In addition, survivors of stroke are left with lifelong disability with consequent emotional and financial burdens on patients, carers, and health care providers. The most severe form of ischaemic stroke occurs with large vessel occlusion (LVO). Australia and New Zealand is at the forefront of introducing a new therapy, endovascular thrombectomy (EVT) with recanalization rates as high as 88 per cent and performing 53 procedures per million population in 2018. The effectiveness of EVT for the treatment of acute ischaemic stroke caused by LVO has been demonstrated in randomised controlled trials. However, peri-procedural factors such as relative hypotension have been shown to worsen outcomes. Acute ischaemic stroke is known to impair cerebral autoregulation, which is a protective mechanism thought to preserve cerebral blood flow (CBF) over a wide range of systemic blood pressures (BP). Many patients have general anaesthesia (GA) for EVT. Common agents used to maintain GA such as propofol, sevoflurane and desflurane are known to impair cerebral autoregulation in a dose dependent fashion.
In rat models, our data show that propofol and sevoflurane ablate cerebral autoregulation in the ischaemic territory during middle cerebral artery occlusion. This means that global CBF and blood flow in ischaemic territories during stroke become dependent on BP during GA. Impaired cerebral autoregulation (from ischaemia and anaesthetic drugs) means these effects may make any periods of relative hypotension especially harmful leading to reduced penumbral blood flow, increased infarct size and poorer outcome.
Many centres globally choose to perform EVT under local anaesthesia (LA) or conscious sedation (CS).
Observational data comparing GA with CS, and non-randomised comparisons of GA with CS from clinical trials suggest GA confers worse outcomes. However, BP data was often not reported in these studies, allowing the possibility that confounding by differential BP management, rather than the effects of GA per se causes poorer functional outcomes. Conversely, in randomised controlled trials comparing GA with CS, where BP management was reported and was comparable between groups, clinical outcomes were either equivalent or superior with GA. Meta-analyses of these trials showed statistically significant improvement in functional independence (number needed to treat of 8) at 3 months in the GA group.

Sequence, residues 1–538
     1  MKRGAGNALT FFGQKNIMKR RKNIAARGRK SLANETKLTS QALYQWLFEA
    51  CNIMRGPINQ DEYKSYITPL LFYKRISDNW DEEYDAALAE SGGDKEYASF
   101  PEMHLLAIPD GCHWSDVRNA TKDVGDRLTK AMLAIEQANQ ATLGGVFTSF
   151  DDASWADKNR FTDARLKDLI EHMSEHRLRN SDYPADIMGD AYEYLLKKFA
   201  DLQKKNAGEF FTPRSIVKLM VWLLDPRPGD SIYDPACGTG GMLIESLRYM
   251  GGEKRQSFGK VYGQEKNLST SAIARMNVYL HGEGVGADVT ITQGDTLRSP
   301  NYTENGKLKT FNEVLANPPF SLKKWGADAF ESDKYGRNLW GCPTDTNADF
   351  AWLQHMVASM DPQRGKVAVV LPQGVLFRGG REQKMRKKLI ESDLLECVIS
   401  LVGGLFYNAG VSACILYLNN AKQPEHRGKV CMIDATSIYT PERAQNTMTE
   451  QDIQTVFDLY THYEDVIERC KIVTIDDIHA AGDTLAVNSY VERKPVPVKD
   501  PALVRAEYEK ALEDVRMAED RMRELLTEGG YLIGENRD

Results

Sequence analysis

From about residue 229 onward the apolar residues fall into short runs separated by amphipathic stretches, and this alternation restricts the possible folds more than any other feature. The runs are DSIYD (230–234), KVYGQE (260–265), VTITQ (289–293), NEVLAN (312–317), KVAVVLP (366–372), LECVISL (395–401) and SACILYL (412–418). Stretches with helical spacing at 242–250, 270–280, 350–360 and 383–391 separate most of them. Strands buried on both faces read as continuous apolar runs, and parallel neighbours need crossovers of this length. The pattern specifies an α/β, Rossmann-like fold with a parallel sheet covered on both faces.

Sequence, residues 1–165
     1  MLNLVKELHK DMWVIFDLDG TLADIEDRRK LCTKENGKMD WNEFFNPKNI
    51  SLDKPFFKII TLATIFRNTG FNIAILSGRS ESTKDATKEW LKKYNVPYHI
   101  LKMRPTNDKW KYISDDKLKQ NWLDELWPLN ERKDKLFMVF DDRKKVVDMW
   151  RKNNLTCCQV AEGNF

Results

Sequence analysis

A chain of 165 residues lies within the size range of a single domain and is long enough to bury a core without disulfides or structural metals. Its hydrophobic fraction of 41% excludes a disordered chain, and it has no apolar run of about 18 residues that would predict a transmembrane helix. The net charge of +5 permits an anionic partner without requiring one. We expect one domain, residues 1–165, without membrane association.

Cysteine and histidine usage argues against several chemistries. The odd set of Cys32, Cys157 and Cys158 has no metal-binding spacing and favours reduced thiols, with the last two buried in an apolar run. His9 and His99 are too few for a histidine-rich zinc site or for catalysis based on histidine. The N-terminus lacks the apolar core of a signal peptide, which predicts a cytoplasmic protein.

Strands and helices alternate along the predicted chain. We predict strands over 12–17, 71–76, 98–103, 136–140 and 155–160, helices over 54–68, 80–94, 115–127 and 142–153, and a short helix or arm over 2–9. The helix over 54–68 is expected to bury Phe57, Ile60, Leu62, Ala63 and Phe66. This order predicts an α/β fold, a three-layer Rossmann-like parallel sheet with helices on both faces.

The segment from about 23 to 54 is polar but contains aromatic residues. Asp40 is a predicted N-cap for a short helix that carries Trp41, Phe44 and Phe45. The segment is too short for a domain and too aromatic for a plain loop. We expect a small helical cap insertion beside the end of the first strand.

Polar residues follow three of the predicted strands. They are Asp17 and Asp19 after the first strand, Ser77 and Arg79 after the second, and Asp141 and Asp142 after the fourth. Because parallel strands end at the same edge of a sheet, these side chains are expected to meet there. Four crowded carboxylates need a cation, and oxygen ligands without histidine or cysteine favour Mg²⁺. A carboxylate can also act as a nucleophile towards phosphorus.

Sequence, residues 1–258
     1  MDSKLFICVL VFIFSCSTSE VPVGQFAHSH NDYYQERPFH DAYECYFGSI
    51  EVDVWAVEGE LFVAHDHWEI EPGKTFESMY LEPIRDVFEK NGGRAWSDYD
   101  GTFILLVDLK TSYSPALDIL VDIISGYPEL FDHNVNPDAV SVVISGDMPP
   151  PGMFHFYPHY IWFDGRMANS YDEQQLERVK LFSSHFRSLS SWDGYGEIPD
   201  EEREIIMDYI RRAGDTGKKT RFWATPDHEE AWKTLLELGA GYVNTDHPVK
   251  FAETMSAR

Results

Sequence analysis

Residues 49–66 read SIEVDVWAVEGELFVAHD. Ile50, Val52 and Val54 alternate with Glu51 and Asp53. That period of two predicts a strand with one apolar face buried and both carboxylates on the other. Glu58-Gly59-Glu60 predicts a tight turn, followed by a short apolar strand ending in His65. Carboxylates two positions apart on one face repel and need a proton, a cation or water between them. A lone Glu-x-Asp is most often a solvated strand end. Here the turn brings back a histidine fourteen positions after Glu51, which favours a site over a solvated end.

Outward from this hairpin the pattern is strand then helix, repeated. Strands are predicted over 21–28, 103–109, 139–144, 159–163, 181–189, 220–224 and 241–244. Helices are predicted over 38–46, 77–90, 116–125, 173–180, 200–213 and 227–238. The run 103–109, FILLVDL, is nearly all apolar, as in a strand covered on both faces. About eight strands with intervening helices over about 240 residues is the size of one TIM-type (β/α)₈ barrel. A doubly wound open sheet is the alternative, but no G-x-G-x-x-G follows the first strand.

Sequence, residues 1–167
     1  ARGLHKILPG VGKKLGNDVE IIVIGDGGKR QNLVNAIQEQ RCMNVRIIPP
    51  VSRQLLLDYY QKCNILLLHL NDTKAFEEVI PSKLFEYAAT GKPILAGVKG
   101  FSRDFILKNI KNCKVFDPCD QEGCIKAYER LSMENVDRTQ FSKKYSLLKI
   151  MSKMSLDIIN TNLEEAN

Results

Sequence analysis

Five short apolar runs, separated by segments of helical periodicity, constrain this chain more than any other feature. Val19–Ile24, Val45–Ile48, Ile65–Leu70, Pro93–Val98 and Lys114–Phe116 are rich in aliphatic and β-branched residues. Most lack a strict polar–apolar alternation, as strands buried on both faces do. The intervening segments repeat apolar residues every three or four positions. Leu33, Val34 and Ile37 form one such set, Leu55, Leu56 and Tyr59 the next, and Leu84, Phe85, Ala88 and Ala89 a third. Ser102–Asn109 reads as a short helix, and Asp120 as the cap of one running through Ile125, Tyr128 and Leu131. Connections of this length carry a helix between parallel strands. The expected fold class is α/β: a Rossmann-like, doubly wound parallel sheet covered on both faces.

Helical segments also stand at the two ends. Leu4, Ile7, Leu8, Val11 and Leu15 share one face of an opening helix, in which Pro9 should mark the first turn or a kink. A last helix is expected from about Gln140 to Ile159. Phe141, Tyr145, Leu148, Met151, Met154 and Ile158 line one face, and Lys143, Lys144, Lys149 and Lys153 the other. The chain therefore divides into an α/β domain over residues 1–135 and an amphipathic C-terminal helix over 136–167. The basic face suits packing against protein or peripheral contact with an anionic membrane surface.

Reasons why GA may be advantageous in EVT are unknown but may include improved procedural and imaging conditions and also reduction of intra-procedural complications. GA may also have neuroprotective effects as both propofol and sevoflurane reduce cerebral metabolic rate (CMRO2), which may potentially benefit the cerebral penumbra by reducing metabolic demand until reperfusion.
EVT is a highly effective therapy. Any further therapeutic improvements will reduce disability, improve quality of life and reduce long-term healthcare costs. The intervention tested in this study adds no additional healthcare costs and would be immediately available to all patients having EVT under GA. Current data suggests improved procedural and 3-month functional outcomes from having GA, hence we anticipate any findings to be immediately implementable for EVT in Australia and New Zealand.
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Dr Doug Campbell, Dr Carolyn Deng, Dr Robyn Billing, Professor Tim Short, Professor Alan Barber, Auckland City Hospital, New Zealand, Dr David Highton, Princess Alexandra Hospital, Queenslan
The project was awarded $A69,560 through the ANZCA research grants program for 2022.
Australian New Zealand Clinical Trials Registry registration number: ACTRN12619001274167
For further information about this study, please contact the MASTERSTROKE principal investigator, Dr Doug Campbell by email.